CEDAR RAPIDS — Plans for Alliant Energy’s latest wind project would add another 170-megawatt wind farm to the state’s growing population of turbines.
On the back of Alliant’s 2016 pledge to spend $1 billion on 500 megawatts of wind power, a contract between Alliant and the turbine contractor for the Poweshiek County project received final approval Tuesday and the wind farm will be completed in 2020.
“For a lot of reasons it’s a good project that is going to be able to compliment a lot of the other projects we have ongoing,” said Ben Lipari, director of resource development with Alliant Energy.
He added the utility is “active in evaluating additional projects.”
Combined with similar projects by the state’s other main utility company, MidAmerican Energy, Alliant’s latest wind power contract caps off a year that saw hundreds of megawatts of wind energy — both underway and proposed — added to Iowa’s growing renewable energy portfolio.
Alliant’s investment in wind — including both announced and potential projects — will mark a more than threefold increase from the utility’s 300 megawatts of wind power earlier this year to about one gigawatt by 2020, Lipari said.
Meanwhile, MidAmerican this year began construction at the first two sites of its $3.6 billion, 2,000-megawatt Wind XI project. The 168-megawatt Prairie and 170-megawatt Beaver Creek projects, located in Mahaska County and Boone and Greene counties, respectively, are expected to go online yet this year.
A third site for the Wind XI project, a North English wind farm in Poweshiek County, will be completed next year and add another 340 MW to the grid.
Wind XI is expected to be finished by the close of 2019.
In addition, MidAmerican has plans to upgrade 706 of the utility’s older turbines with newer, more efficient components to increase their energy production.
By the end of 2020, MidAmerican expects to produce up to 95 percent of the annual power consumption of its customers with wind. Utility officials eventually hope to reach 100 percent, officials said in an email.
Combined with Alliant, the two utilities expect to bring the state’s wind power total up to nearly 10,000 MW by 2020, compared to less than 1,000 MW in 2006.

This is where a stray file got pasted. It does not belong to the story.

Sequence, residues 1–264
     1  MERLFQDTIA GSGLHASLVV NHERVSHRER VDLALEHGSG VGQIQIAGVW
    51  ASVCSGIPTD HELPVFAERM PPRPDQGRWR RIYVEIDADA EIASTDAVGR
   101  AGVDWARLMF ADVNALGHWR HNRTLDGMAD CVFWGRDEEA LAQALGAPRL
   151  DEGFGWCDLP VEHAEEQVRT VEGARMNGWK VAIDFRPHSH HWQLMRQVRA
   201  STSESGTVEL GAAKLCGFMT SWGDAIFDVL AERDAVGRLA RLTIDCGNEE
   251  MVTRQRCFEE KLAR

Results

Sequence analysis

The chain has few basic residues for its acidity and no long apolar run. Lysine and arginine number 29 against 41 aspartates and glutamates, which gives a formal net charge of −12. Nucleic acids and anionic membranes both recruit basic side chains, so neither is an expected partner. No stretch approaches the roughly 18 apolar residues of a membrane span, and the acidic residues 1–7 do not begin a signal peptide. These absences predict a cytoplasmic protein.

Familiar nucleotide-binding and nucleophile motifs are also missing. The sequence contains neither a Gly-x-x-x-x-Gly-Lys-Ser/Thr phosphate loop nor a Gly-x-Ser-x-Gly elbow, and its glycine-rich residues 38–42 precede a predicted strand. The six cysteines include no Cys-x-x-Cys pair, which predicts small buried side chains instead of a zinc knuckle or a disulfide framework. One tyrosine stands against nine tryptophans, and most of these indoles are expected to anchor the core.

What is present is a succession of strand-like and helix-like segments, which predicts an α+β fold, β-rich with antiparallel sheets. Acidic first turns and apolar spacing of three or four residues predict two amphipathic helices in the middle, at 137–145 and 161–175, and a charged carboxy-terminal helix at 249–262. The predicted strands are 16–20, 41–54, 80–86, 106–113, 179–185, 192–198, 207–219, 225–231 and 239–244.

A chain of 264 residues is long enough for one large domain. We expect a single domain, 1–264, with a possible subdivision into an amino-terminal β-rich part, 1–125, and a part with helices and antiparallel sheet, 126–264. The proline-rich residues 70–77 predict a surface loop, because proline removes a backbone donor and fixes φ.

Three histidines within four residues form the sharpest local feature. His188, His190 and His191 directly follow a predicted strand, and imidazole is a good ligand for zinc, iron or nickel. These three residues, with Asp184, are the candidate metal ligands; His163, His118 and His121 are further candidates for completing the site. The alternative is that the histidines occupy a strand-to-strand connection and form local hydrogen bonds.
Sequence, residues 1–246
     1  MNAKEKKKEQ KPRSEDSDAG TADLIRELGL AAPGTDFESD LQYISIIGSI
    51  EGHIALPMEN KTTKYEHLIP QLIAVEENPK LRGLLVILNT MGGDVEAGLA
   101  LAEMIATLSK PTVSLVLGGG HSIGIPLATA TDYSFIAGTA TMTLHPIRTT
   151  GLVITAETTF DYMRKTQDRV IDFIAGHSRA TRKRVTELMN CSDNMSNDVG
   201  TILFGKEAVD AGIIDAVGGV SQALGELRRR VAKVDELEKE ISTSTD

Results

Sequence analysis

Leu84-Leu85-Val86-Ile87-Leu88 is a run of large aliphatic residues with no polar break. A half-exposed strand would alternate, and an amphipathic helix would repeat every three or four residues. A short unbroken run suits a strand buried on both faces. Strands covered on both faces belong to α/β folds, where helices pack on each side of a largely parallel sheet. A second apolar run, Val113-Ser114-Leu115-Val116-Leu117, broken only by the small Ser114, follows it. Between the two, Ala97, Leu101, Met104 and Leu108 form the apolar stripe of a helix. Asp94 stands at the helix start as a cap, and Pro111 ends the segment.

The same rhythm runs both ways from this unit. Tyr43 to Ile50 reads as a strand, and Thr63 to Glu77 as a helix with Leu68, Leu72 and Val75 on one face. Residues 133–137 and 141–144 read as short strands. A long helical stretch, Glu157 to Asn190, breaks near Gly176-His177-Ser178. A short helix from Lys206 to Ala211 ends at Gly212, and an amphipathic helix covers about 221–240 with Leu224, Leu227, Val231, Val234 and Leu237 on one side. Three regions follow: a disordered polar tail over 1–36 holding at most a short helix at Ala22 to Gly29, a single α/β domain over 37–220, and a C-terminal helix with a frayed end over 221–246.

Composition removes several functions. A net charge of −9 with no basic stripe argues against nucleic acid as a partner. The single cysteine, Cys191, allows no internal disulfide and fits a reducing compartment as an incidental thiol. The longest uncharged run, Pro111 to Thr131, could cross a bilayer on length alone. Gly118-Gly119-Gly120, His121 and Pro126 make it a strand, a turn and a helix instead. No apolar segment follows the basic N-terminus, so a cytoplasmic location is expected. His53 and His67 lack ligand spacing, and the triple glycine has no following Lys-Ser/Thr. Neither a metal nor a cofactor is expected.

Iowa currently generates more than one-third of its electricity from wind power. In 2010, wind made up less than half that — about 16 percent of the state’s power, said Nathaniel Baer, program director with the Iowa Environmental Council.
“I think we’ve seen good progress in wind energy every year for the last 10 or so years,” Baer said.
Recent investments in wind power largely have been driven by industry concerns following the 2015 decision by lawmakers to phase out the Federal Production Tax Credit by 2019. The PTC is an inflation-adjusted, per-kilowatt-hour tax credit that provides credits for energy generated by qualified renewable sources such as wind.
Within a year after the PTC phaseout was announced, Alliant and MidAmerican had announced nearly $5 billion — $3.6 billion by MidAmerican and $1 billion by Alliant — in combined wind projects as both utilities try to take advantage of the credit before it expires.
“Many in the industry believe that, what we call the 100 percent PTC ... may never be as good as it will ever be again,” Lipari said. “It is really a critical element to why you have seen the volume spike.”
ARTICLE CONTINUES BELOW ADVERTISEMENT
Proponents of renewables say the addition of wind and solar help diversify the power grid, which allows for lower energy rates as well as provide environmental benefits.
In addition, Iowa landowners in 2015 received more than $17 million in lease payments from wind farms. That number is expected to double in the coming years, according to the Iowa Environmental Council.
Counties with wind farms — including Pottawattamie, Buena Vista and Carroll — also have seen annual property tax revenue increase by more than $1 million a piece, according to the council.
l Comments: (319) 339-3175; firstname.lastname@example.org